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  • Current Digest of the Russian Press: Letter From the Editors #41

    Letter From the Editors: Oct. 7-13, 2013



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    Issue #41 Letter From the Editors
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    ‘How to Buy Friends and Make People Like You’


    Putin hasn’t written any self-improvement books – at least none have been published as such (what do you think, does his autobiography qualify?) – but if he ever decides to write one and has a hard time coming up with a title, he may want to consider the aforementioned twist on Dale Carnegie’s classic in the genre. Russia’s “militocracy” is getting richer, thanks to Putin’s generous wage increases for the ex-KGB-led security clan. The wages of many top Russian security and law-enforcement officials now exceed those of several Western European leaders, to say nothing of those with similar job titles and descriptions in the West. The wage disparity between what they make and what the average Russian makes is literally off the charts. Is Putin buying loyalty, questions Yevgenia Albats in our first set of featured articles, and if so, why? (She was the one to use “militocracy” to describe the Russian ruling system, which is increasingly undeniably based on military rank. Seriously, the number of ex-military brass among the ruling elite is quite astounding!)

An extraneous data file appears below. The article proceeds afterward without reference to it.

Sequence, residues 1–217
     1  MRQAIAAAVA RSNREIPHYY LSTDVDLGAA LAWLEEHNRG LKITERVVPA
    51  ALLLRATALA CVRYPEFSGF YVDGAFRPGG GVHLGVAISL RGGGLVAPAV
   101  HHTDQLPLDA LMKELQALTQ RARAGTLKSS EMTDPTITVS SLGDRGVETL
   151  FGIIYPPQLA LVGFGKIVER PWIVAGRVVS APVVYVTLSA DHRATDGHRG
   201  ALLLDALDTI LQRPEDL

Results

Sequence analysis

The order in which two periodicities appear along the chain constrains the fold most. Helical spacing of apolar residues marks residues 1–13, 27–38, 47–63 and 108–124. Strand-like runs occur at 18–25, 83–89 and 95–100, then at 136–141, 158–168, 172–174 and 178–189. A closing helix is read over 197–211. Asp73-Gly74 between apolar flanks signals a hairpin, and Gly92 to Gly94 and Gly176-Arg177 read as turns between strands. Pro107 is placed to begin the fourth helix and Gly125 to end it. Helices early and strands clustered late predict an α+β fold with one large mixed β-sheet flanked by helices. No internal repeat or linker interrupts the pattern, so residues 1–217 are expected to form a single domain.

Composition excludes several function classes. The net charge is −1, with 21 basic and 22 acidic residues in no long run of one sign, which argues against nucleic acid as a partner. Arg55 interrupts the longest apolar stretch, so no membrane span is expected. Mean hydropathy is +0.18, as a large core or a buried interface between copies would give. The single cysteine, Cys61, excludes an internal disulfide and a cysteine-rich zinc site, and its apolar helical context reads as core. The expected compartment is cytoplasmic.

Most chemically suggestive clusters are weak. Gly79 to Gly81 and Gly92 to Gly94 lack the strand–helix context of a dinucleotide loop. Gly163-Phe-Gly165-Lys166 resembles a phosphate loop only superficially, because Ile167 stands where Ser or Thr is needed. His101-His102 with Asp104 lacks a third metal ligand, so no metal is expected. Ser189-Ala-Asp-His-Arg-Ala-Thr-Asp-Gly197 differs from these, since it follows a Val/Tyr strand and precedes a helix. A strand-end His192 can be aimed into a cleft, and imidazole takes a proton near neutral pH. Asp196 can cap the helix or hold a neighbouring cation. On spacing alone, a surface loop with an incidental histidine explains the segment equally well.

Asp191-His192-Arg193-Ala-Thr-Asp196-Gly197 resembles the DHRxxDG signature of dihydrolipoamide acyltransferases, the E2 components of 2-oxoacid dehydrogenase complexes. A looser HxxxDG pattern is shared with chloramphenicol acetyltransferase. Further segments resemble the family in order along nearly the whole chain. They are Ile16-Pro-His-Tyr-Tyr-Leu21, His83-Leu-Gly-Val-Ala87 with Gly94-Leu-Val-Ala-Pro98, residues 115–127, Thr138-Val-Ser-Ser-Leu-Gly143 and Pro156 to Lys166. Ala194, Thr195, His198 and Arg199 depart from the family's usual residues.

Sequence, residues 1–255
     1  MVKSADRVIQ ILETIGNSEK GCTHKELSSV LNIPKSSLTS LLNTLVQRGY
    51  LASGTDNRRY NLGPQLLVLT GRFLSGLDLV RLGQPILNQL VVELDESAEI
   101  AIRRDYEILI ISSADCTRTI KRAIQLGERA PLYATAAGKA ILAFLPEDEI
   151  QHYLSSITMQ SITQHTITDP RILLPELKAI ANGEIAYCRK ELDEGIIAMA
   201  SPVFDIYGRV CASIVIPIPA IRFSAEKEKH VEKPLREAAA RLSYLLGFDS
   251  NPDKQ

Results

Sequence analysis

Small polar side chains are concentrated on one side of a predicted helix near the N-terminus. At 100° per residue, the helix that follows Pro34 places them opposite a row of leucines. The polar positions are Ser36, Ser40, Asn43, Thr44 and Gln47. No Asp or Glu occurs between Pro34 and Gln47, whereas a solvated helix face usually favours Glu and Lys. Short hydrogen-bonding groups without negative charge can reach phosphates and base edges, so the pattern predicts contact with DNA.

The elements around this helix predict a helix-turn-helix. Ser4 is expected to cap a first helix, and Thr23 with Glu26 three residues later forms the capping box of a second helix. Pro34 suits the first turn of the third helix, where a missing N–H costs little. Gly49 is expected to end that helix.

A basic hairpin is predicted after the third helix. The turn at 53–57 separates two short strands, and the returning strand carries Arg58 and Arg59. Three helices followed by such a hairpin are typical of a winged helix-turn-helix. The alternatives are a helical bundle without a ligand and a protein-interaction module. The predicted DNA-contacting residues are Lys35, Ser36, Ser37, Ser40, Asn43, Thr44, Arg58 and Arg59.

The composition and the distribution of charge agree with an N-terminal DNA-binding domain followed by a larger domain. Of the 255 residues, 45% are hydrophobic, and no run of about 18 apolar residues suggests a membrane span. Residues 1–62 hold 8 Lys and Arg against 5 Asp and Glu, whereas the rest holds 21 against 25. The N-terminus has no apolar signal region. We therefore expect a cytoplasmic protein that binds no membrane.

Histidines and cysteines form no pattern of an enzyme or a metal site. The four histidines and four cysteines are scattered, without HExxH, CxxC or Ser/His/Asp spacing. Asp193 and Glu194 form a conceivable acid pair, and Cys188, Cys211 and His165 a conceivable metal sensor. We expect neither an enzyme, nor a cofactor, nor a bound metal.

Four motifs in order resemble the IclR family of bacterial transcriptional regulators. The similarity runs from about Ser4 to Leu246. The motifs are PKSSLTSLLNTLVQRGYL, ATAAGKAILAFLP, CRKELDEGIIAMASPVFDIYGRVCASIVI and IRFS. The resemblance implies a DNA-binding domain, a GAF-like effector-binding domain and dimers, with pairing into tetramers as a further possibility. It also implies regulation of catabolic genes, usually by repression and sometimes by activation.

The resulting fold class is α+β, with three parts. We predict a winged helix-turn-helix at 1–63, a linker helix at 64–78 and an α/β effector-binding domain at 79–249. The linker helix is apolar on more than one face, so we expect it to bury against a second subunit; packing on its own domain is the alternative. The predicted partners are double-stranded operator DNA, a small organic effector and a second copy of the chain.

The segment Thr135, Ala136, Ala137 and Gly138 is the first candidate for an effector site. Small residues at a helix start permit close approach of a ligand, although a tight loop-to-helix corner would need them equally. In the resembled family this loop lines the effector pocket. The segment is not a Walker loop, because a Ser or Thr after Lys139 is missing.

The move comes as Putin recently initiated the Constitutional amendment process for court system reforms that would essentially restaff Russia’s higher judicial bodies. In other words, the administration would get a chance to vet and appoint a whole new cadre of 170 judges for Russia’s top courts. One gets the feeling that Putin is trying to insulate himself, but from what?